1 – 4 of 4 movies
Denise Ho: Becoming the Song profiles the openly gay Hong Kong singer and human rights activist Denise Ho. Drawing on unprecedented, years-long access, the film explores her remarkable journey from commercial Cantopop superstar to outspoken political activist, an artist who has put her life and career on the line to support the determined struggle of Hong Kong citizens to maintain their identity and freedom.
In post-WWII Leningrad, two women, Iya and Masha (astonishing newcomers Viktoria Miroshnichenko and Vasilisa Perelygina), intensely bonded after fighting side by side as anti-aircraft gunners, attempt to readjust to a haunted world. As the film begins, Iya, long and slender and towering over everyone—hence the film’s title—works as a nurse in a shell-shocked hospital, presiding over traumatized soldiers. A shocking accident brings them closer and also seals their fates. The 28-year-old Russian director Kantemir Balagov won Un Certain Regard’s Best Director prize at this year’s Cannes Film Festival for this richly burnished, occasionally harrowing rendering of the persistent scars of war.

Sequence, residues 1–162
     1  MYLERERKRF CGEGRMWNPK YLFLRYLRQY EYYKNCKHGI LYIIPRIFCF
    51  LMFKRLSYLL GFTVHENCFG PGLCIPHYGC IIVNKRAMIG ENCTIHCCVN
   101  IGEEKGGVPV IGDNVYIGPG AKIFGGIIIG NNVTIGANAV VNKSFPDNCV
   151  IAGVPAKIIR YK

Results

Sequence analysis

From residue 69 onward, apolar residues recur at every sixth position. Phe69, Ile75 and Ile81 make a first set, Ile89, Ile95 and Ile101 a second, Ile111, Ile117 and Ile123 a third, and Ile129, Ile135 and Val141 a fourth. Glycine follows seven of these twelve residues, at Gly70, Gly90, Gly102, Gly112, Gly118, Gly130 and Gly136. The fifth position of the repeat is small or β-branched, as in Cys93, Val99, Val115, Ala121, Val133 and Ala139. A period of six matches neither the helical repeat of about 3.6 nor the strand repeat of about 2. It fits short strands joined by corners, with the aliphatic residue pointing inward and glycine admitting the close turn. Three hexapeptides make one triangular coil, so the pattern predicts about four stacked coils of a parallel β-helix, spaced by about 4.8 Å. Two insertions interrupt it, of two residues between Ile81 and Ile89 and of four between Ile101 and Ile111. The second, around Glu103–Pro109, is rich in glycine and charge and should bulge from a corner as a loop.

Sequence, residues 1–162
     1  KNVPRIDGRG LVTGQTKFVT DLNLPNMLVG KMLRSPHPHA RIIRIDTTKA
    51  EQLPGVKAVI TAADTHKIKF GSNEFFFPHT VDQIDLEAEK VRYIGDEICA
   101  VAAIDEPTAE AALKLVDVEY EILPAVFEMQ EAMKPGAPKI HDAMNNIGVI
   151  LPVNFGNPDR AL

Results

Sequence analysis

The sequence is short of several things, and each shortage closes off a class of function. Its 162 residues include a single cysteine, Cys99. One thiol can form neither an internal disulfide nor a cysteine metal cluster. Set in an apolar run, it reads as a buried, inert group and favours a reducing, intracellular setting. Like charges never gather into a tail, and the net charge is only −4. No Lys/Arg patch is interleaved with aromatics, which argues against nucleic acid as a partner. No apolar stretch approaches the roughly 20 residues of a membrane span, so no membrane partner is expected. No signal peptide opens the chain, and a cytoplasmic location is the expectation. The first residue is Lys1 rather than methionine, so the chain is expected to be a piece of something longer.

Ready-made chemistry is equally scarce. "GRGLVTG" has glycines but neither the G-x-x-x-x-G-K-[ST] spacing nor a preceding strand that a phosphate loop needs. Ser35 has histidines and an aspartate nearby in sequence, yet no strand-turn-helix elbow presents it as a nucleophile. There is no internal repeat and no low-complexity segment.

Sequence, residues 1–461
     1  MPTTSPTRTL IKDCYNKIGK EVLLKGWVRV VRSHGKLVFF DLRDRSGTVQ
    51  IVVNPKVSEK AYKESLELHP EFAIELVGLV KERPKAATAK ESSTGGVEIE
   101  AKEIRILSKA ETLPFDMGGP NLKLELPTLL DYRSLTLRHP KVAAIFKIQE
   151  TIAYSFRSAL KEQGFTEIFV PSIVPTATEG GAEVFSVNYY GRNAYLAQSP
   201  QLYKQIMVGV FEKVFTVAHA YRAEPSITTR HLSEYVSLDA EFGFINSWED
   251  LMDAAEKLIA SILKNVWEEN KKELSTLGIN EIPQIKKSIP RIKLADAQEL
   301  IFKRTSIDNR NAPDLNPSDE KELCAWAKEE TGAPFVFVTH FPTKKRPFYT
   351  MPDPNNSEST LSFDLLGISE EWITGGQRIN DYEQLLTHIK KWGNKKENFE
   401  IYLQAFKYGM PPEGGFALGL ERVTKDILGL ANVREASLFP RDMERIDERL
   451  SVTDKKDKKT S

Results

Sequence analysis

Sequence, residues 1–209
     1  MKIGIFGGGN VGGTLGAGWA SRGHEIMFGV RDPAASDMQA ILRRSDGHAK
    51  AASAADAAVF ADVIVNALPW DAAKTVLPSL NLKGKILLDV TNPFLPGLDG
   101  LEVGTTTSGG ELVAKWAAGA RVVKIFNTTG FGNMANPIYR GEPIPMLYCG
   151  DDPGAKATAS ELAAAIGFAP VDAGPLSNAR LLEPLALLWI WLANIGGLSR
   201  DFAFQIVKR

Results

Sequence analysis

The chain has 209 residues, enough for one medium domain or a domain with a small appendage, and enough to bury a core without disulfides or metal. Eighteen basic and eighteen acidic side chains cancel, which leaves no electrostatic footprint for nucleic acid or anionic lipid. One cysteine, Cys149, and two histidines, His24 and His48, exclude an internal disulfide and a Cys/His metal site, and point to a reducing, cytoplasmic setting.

Abel Ferrara’s first dramatic feature since 2014’s Pasolini reteams the filmmaker and his frequent lead Willem Dafoe, who delivers a career-best performance as the title character, an older American expat living in Rome with his young wife and their daughter. Disoriented by his past misgivings and subsequent, unexpected blows to his self-esteem, Tommaso wades through this late chapter of his life with an increasingly impaired grasp on reality as he prepares for his next film. Tommaso is easily Ferrara and Dafoe’s most personal and engrossing collaboration to date, a delicately surrealistic work of autofiction marked by the keen sensitivity of two consummate artists.
Set in a provocatively unspecified moment in Italy’s history yet adapted from a 1909 novel by American author Jack London, Martin Eden is a passionate and enthralling narrative fresco in the tradition of the great Italian classics. Martin (played by the marvelously committed Luca Marinelli) is a self-taught proletarian with artistic aspirations who hopes that his dreams of becoming a writer will help him rise above his station and marry a wealthy young university student (Jessica Cressy). The twinned dissatisfactions of working-class toil and bourgeois success lead to political reawakening and destructive anxiety in this enveloping, superbly mounted bildungsroman.